Did Quebec’s Election End the Student Movement?
Photo Credit: ZacharyABell.com
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On September 4, Quebec’s student movement, admired for its 300,000-person protests, provided a less sensational model for youth worldwide — of a movement struggling with the contradictory effects of a hotly contested election.
After six months of protests against Premier Jean Charest’s 75-percent tuition hike and anti-assembly Law 12, Quebec’s citizens marched to the polls to oust Charest’s Liberal party and install Pauline Marois and her separatist Parti Quebecois. Marois surprised many who were skeptical of her support for students with her first ministerial decrees, promising to cancel the tuition hike, repeal Law 12 and hold a summit to renegotiate education financing. As a bonus for students, Charest lost his local race, ending his political career altogether.
Nonetheless, CLASSE, Quebec’s most influential student union, remains vigilant in its monitoring of the new government until reforms are implemented, and many point out that Marois’ plan for education financing is based on indexing tuition with inflation — still a significant bump from current prices. Furthermore, with a measly 54 of 125 seats, Marois’ minority government will have to be frugal with its political capital, and it has expensive items on its wish list (namely, Quebec’s independence) that might edge out education as the focus of political attention.
Most students declare Marois’ win a modest victory for their cause, like former CLASSE spokesperson Gabriel Nadeau-Dubois who said, “In politics, the victory is never as bright as you would like.” But whatever the wins this election may eventually deliver for students, they are dimmed in large part because the election broke the back of the strike, paralyzing the movement in the process.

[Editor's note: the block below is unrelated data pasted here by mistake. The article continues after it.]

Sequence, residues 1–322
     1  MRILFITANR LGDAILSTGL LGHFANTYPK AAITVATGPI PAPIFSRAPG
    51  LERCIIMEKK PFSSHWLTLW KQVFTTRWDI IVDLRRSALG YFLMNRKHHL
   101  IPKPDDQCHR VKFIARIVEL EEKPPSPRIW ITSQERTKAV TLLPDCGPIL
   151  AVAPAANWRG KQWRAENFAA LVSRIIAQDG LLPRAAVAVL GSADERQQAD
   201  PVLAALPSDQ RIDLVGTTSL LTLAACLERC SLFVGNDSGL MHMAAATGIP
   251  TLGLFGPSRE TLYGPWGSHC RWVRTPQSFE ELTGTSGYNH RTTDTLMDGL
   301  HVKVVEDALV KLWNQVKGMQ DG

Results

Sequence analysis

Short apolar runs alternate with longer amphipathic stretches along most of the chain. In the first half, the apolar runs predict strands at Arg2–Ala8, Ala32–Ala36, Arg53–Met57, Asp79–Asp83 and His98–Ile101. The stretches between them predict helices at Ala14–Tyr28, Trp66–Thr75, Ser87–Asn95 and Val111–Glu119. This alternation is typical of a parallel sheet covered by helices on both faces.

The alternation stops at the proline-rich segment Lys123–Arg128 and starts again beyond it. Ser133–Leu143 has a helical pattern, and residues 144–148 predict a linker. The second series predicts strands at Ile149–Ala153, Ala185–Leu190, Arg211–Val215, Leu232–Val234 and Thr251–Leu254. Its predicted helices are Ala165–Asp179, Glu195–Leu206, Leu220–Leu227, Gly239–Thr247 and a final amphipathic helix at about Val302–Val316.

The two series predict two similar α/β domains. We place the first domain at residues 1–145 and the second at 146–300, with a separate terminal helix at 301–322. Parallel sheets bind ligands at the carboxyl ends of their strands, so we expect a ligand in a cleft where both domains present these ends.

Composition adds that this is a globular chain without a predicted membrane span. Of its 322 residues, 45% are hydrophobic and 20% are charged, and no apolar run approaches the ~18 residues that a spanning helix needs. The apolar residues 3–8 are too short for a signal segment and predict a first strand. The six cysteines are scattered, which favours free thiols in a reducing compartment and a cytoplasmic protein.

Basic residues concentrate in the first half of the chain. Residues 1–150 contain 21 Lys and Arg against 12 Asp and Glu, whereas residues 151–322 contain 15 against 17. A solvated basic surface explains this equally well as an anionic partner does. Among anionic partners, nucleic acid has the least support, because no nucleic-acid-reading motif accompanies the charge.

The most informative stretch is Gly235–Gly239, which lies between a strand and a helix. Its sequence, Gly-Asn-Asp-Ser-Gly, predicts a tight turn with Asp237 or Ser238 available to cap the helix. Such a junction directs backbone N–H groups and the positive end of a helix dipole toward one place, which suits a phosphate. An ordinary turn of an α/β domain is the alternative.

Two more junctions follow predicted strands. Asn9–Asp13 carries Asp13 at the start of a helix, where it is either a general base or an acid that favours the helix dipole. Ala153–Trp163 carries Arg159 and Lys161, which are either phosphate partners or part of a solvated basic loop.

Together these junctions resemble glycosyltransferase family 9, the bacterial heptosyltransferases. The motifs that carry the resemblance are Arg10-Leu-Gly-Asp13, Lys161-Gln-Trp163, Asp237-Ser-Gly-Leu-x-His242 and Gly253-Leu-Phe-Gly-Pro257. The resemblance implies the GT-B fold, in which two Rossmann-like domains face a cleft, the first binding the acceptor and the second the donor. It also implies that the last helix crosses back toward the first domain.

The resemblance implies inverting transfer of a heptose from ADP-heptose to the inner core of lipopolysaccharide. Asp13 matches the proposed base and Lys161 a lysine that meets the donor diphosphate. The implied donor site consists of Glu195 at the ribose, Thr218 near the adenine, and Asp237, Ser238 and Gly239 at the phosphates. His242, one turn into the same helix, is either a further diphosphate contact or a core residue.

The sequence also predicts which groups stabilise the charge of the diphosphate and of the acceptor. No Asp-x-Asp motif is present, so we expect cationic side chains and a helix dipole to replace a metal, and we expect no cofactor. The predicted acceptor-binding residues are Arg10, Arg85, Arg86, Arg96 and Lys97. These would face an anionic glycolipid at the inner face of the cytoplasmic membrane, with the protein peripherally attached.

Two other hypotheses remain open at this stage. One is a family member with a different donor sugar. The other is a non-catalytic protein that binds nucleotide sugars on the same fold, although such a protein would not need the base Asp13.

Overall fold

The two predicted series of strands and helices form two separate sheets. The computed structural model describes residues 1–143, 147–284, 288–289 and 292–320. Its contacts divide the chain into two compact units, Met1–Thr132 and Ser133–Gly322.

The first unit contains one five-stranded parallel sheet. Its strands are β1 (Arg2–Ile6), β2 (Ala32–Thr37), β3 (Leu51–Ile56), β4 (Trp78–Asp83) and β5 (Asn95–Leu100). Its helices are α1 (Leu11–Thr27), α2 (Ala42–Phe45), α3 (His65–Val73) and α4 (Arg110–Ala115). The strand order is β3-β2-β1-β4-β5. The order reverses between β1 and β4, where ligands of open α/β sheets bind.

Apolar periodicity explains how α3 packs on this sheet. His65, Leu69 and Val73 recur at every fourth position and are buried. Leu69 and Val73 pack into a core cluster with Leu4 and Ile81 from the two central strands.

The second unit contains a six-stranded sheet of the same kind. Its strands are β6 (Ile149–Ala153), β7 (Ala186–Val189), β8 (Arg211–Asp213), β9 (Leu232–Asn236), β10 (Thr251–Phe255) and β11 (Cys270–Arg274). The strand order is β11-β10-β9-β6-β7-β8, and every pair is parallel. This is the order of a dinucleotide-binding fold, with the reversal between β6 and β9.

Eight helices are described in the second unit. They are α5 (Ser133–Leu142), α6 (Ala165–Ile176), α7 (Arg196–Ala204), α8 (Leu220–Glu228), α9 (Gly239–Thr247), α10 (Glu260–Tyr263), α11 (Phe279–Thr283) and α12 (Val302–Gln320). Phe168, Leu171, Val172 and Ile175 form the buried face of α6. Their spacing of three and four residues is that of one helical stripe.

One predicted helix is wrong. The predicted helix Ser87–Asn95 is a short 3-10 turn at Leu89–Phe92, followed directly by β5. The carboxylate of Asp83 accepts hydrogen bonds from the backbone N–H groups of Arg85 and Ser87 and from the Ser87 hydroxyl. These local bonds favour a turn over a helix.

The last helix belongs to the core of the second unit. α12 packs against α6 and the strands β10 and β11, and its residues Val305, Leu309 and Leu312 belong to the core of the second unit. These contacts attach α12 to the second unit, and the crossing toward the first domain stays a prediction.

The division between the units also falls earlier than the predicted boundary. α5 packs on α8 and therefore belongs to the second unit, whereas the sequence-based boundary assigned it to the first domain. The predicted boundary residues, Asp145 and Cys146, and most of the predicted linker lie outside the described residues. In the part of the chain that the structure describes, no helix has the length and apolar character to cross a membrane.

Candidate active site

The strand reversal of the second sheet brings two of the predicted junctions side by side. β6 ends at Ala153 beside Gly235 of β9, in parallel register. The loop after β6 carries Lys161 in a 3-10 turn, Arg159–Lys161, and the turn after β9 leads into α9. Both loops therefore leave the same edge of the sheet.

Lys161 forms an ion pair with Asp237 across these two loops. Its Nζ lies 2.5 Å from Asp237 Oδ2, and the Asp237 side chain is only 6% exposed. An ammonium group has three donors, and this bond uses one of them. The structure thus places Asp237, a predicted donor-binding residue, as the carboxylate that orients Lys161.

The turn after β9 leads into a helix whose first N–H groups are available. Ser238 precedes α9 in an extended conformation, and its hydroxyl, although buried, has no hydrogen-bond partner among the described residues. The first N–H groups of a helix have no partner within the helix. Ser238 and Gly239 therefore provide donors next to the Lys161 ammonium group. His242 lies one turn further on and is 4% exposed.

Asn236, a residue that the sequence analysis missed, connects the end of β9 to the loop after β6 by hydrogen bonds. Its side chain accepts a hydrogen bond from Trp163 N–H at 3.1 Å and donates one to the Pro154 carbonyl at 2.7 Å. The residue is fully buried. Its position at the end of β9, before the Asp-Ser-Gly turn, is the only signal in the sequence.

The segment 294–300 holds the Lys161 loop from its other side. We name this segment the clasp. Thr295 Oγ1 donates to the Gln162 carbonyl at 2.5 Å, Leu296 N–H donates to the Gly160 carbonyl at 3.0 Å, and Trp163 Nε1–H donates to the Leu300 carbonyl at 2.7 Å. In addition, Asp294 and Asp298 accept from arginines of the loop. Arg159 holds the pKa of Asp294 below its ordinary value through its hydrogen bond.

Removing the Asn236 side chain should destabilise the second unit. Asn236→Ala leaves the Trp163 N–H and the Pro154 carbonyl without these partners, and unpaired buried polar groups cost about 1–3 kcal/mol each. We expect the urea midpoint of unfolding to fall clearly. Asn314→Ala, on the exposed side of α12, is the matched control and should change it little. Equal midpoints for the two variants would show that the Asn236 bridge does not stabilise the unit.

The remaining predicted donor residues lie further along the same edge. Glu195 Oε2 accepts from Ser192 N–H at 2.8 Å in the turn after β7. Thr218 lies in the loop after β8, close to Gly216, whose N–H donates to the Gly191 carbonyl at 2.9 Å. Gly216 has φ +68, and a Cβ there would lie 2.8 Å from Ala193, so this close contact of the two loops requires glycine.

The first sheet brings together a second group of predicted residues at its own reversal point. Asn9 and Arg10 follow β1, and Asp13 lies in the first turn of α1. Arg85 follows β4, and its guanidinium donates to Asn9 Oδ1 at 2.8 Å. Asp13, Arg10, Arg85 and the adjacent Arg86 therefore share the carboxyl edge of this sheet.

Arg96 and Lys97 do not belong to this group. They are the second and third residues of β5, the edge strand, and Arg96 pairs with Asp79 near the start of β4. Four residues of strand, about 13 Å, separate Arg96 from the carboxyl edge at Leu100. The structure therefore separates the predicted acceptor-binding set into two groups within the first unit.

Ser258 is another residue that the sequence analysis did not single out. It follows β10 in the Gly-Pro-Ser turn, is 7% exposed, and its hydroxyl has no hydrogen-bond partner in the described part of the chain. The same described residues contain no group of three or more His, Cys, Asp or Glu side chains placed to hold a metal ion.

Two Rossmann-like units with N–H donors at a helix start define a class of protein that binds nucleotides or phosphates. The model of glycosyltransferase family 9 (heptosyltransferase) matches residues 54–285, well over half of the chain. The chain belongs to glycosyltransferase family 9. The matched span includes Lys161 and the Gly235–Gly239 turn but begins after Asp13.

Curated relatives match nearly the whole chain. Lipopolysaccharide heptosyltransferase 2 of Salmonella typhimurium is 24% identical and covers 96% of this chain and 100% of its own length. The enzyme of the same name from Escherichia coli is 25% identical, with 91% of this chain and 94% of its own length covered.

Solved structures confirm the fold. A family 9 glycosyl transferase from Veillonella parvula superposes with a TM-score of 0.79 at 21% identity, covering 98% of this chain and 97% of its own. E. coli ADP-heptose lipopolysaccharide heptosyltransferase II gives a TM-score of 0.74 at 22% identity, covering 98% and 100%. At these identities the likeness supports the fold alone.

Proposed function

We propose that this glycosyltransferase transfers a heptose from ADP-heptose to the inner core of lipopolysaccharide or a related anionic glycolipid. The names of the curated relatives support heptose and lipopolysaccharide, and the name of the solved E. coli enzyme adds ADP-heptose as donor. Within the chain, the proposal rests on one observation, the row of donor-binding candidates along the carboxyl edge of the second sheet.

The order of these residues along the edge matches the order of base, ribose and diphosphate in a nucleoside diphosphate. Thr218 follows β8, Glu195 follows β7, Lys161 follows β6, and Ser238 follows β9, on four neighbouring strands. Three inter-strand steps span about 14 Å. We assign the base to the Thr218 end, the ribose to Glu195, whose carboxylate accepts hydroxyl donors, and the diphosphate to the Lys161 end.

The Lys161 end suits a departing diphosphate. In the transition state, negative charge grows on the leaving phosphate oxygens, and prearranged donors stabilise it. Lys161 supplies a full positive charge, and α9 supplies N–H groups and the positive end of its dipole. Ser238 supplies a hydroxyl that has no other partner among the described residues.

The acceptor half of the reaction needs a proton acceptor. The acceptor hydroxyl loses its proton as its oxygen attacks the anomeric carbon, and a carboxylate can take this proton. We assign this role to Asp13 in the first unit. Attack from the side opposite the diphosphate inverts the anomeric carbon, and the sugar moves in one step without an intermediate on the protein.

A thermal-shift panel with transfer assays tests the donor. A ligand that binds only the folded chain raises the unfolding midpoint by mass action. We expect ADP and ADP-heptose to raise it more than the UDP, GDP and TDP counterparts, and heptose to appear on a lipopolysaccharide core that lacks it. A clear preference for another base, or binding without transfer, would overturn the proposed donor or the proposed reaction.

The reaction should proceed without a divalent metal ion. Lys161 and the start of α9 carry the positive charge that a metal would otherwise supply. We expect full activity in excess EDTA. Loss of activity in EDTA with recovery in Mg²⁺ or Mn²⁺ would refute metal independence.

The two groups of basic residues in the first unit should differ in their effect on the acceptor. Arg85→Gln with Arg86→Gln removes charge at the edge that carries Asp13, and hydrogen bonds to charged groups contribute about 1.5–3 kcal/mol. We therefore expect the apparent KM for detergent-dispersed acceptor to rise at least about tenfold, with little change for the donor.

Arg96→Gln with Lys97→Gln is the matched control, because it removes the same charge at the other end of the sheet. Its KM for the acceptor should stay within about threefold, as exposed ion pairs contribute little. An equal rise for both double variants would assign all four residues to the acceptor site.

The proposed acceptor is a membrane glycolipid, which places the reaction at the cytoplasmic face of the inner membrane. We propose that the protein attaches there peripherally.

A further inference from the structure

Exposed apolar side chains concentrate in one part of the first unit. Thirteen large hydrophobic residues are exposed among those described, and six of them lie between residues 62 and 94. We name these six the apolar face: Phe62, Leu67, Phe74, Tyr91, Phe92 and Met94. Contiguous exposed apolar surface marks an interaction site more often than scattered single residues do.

Quebec’s movement was built on an alignment against a specific tuition fee, but many mobilizers connected the chants against student debt to deeper critiques of the neoliberal state. In August, the election bitterly divided students along these political lines in General Assemblies, debating whether to trust politicians, keep striking until demands were met, or build independent power. The discord so diminished the movement’s leverage, decimating the number of students on strike from 150,000 to 35,000, that by September 4, students could do little but cross their fingers and hope that Marois would fully repeal the tuition hike, despite having only promised to temporarily freeze it.
But when considering the election’s long-term impact on the movement, the picture is even more nuanced. Because while the election’s schismatic effects betrayed how shaky student power can be in comparison to the institutionalized power of the state, it also revealed what students had built that may be more durable in the long run — their ability to govern themselves.
Protest Power Takes a Backseat to Electoral Power
Even before the election’s announcement on August 1, the movement was having trouble maintaining the (astonishing) level of intensity it had amassed in the early part of the summer, when it held over 100 consecutive nights of “casserole” marches. In context of the newly diminishing demonstrations, the national demonstration in August (held each month on the 22nd was a paradoxical display of protest power. Although the march boasted 100,000 marchers according to CLASSE’s estimates, many protesters seemed to have recognized by that point that the battleground had moved from the street to the voting booth.
The red square, a popular symbol of Quebec’s student protests, was still pinned to shirts in near ubiquity, but the demonstrators varied widely on other apparel choices. Many donned “Votez” pins, and held signs saying “Je Vote Pour___” with political parties like Parti Quebecois and Québec Solidaire, or phrases like “I vote with my heart,” scribbled in the blank. Others wore all black and tore off any posters of politicians that they march passed. If the sign were of Charest, it would likely be splattered with red paint and stomped on as well.